27 August 09 | Chad W. Post

In addition to Selcuk Altan’s Turkish lit list, The Guardian also posted a top ten list of books about the Berlin Wall.

Suzanne Munshower’s list—which is presented in a narrative format with interesting details about each of the books—actually overlaps a bit with The Wall in My Head the book about the Berlin Wall that we’re bringing out on November 9th. Specifically, she mentions both Peter Schneider and Wladimir Kaminer, who both have pieces in WIMH:

Some stayed, some left, some died trying. And Peter Schneider’s The Wall Jumper tells their stories in what might be the best Wall fiction ever written. Living in the west of this metropolis, the narrator confesses, “I could orient myself better in New York than in the half-city just a little over three miles from my apartment.” Written in 1982, with the end nowhere in sight, this is a riveting portrait of a city and a people trapped by mental as well as physical walls. [. . .]

Finally, there are two post-Wall books that shouldn’t be missed: The File by Guardian columnist Timothy Garton Ash and Russian Disco by Wladimir Kaminer.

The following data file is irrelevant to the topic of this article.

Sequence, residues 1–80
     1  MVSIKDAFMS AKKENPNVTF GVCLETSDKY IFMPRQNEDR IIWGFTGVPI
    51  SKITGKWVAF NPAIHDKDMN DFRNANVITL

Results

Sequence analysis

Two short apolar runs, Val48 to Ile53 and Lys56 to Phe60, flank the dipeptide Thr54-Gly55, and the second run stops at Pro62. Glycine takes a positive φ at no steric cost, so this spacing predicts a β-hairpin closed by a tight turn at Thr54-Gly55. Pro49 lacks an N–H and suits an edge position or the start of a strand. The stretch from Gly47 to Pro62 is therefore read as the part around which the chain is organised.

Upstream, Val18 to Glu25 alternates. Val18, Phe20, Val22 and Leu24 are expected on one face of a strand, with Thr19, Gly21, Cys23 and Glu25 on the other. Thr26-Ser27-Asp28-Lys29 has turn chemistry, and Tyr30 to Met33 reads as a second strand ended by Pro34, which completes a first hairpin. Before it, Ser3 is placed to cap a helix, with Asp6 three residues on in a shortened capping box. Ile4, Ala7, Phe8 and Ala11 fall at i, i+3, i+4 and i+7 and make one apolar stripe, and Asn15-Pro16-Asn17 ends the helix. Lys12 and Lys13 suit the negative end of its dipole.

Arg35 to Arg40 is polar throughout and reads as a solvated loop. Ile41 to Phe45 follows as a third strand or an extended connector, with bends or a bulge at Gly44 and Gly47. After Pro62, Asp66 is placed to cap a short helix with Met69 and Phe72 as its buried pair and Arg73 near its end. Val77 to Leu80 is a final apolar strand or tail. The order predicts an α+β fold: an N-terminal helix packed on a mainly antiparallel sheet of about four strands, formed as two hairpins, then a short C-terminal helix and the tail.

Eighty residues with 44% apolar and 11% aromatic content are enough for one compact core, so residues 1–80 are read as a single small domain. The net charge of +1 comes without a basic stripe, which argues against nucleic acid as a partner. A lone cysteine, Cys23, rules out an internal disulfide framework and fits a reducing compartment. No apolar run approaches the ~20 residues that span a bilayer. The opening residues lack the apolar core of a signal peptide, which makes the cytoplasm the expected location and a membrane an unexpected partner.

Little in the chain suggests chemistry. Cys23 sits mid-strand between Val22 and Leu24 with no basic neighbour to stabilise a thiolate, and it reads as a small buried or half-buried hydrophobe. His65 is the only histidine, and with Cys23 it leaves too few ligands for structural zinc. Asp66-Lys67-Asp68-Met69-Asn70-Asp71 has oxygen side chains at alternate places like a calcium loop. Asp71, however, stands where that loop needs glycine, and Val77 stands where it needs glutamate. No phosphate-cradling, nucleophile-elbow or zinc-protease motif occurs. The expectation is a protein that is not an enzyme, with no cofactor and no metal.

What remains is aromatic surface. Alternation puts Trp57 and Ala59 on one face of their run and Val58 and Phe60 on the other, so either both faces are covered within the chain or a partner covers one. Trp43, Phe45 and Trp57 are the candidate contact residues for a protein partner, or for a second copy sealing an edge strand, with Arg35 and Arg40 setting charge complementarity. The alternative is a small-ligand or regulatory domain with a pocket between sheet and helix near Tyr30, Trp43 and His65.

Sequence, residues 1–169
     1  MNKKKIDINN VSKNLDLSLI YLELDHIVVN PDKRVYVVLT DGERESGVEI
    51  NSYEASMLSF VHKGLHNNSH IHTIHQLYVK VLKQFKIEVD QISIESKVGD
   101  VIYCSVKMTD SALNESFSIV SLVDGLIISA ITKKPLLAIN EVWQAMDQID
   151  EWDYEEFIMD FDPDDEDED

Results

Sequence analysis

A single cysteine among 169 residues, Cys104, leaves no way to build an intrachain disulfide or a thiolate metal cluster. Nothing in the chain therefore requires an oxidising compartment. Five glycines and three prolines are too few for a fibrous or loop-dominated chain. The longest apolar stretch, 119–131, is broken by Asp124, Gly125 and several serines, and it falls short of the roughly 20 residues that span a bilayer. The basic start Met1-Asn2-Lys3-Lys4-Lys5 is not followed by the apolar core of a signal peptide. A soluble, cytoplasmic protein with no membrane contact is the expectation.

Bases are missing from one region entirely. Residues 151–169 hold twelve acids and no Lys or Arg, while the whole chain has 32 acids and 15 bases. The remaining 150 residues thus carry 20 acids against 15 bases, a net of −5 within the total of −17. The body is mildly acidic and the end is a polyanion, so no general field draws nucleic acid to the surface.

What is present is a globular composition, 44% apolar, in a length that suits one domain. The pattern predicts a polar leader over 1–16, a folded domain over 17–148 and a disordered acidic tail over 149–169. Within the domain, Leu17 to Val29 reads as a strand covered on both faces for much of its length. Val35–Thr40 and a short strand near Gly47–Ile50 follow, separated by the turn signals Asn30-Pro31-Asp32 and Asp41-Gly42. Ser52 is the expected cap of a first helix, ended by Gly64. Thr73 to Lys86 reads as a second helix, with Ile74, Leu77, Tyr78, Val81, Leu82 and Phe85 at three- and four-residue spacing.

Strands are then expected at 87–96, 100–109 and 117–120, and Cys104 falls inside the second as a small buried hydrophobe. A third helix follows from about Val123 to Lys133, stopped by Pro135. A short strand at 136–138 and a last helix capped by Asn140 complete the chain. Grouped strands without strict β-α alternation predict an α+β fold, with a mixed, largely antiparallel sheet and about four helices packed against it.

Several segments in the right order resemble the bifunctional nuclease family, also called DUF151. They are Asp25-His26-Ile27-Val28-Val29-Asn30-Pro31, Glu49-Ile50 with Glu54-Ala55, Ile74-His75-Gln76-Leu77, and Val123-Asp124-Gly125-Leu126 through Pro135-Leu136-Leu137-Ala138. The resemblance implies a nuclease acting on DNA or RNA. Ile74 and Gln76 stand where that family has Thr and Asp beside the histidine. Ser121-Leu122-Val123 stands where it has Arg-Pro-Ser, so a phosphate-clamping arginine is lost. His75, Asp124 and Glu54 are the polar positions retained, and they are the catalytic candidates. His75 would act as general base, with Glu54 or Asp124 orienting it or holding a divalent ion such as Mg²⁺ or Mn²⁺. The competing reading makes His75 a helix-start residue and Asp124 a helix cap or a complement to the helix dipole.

When Garton Ash returned to Berlin 15 years after living there and requested his Stasi binder, it was passed to him with the words: “You have a very interesting file.” Thereby hangs a tale, and we join him in disinterring the entries, skipping between his former life as a research student and later confrontations with the friends and colleagues who had once informed on him.

Shortly before Garton Ash revisited Berlin, Kaminer arrived, emigrating from Russia to later become Berlin’s most famous DJ and then a best-selling author. His gently sardonic Russian Disco is a collection of wry sketches best summed up by its subtitle, Tales of Everyday Madness on the Streets of Berlin. This East Berlin is closest to the trendy but still edgy east side of the city as it exists today.

If you’d like to see the entire text of Wall in My Head, just click here.-


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